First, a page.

Screening for depression in hospitalized medical patients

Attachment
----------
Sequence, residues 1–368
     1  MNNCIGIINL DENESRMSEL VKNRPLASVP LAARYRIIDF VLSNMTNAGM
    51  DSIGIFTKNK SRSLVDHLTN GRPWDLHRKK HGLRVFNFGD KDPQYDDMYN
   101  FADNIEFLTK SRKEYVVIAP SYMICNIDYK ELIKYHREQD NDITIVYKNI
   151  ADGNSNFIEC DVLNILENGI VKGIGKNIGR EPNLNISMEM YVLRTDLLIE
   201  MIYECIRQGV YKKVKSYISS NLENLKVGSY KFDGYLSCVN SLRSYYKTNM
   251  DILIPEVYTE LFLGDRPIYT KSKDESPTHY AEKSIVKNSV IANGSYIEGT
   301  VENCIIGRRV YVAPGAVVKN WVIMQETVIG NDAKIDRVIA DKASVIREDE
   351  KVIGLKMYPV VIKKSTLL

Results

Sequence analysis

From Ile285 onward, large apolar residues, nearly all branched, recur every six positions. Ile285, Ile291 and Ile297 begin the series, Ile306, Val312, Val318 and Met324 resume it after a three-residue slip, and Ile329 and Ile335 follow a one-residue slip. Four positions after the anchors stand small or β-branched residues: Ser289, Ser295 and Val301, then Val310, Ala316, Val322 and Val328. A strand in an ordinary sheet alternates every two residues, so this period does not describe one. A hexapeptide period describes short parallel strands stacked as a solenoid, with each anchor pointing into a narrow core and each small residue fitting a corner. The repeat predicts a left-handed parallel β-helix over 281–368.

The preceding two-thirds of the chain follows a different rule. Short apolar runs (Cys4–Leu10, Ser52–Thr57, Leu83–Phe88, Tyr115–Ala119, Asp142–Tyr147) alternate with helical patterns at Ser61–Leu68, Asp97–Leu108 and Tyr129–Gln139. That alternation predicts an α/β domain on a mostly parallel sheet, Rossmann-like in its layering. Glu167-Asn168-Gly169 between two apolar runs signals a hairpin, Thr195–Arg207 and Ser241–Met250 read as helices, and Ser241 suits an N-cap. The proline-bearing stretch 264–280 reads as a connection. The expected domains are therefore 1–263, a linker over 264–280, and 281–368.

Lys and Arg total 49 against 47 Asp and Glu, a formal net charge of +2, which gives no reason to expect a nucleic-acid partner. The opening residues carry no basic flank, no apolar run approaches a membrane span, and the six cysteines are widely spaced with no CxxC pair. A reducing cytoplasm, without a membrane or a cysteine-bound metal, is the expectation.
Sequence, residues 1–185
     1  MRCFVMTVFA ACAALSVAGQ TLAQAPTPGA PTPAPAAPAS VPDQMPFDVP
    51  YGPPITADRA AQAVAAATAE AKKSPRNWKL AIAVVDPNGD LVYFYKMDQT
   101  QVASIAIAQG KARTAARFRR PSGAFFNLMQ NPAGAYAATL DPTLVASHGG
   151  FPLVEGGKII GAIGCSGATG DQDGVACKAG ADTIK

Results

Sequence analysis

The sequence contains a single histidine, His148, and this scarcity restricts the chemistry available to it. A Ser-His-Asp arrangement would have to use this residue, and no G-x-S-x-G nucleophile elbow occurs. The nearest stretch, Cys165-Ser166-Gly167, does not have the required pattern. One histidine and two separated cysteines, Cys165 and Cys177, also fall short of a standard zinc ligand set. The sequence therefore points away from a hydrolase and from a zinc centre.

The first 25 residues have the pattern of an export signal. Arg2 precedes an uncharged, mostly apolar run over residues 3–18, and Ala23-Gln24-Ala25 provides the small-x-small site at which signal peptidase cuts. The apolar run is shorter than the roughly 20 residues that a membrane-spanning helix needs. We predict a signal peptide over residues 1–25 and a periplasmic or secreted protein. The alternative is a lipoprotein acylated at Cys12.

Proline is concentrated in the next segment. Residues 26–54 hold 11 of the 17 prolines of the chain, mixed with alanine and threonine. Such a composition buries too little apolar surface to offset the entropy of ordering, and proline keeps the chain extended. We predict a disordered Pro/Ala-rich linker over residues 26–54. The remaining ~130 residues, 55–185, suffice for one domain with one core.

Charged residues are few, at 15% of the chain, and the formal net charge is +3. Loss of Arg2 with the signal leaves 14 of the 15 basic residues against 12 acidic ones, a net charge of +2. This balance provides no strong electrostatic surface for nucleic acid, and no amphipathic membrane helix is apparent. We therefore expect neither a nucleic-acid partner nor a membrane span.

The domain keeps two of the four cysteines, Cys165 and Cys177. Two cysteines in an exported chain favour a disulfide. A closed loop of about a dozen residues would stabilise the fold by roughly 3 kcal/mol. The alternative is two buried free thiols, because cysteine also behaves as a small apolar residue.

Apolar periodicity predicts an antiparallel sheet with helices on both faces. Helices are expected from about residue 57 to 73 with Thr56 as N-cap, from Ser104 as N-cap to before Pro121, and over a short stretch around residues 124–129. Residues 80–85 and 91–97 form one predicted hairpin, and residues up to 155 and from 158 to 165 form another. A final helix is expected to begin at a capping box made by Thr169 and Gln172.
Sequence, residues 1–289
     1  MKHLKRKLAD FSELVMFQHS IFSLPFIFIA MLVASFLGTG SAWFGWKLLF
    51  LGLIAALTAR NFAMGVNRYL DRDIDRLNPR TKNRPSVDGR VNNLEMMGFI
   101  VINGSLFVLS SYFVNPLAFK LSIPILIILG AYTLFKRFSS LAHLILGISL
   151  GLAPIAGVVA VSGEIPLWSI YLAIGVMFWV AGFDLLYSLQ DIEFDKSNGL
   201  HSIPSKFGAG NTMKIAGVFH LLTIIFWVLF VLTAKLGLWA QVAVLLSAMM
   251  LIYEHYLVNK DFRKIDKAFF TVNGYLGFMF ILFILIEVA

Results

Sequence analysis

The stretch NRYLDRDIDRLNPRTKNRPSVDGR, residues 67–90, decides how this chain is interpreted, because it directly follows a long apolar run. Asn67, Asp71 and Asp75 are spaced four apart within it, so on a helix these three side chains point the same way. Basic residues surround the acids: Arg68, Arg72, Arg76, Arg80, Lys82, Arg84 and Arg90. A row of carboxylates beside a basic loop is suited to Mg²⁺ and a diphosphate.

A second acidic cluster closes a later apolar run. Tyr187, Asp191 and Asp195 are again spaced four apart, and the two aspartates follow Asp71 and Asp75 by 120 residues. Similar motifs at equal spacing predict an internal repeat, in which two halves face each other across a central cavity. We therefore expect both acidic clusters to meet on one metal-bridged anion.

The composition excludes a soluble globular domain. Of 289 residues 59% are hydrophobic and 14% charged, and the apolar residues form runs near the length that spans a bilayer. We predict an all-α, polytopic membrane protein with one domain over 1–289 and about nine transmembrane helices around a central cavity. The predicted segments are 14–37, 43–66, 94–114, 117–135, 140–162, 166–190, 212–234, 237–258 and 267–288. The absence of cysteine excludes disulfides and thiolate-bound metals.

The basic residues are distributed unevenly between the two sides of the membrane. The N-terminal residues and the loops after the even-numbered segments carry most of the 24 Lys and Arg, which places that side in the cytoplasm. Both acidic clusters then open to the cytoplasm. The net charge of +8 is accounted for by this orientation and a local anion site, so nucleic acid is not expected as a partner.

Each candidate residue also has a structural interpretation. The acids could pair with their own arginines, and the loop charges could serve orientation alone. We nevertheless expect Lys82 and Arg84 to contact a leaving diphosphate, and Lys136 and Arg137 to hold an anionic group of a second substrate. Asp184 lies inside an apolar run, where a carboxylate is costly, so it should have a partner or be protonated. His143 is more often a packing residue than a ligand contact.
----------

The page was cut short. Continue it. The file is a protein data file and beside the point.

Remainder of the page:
Depression among hospitalized patients is often unrecognized, undiagnosed, and therefore untreated. Little is known about the feasibility of screening for depression during hospitalization, or whether depression is associated with poorer outcomes, longer hospital stays, and higher readmission rates. We searched PubMed and PsycINFO for published, peer-reviewed articles in English (1990-2016) using search terms designed to capture studies that tested the performance of depression screening tools in inpatient settings and studies that examined associations between depression detected during hospitalization and clinical or utilization outcomes. Two investigators reviewed each full-text article and extracted data. The prevalence of depression ranged from 5% to 60%, with a median of 33%, among hospitalized patients. Several screening tools identified showed high sensitivity and specificity, even when self-administered by patients or when abbreviated versions were administered by individuals without formal training. With regard to outcomes, studies from several individual hospitals found depression to be associated with poorer functional outcomes, worse physical health, and returns to the hospital after discharge. These findings suggest that depression screening may be feasible in the inpatient setting, and that more research is warranted to determine whether screening for and treating depression during hospitalization can improve patient outcomes. Journal of Hospital Medicine 2017;12:118-125. © 2017 Society of Hospital Medicine
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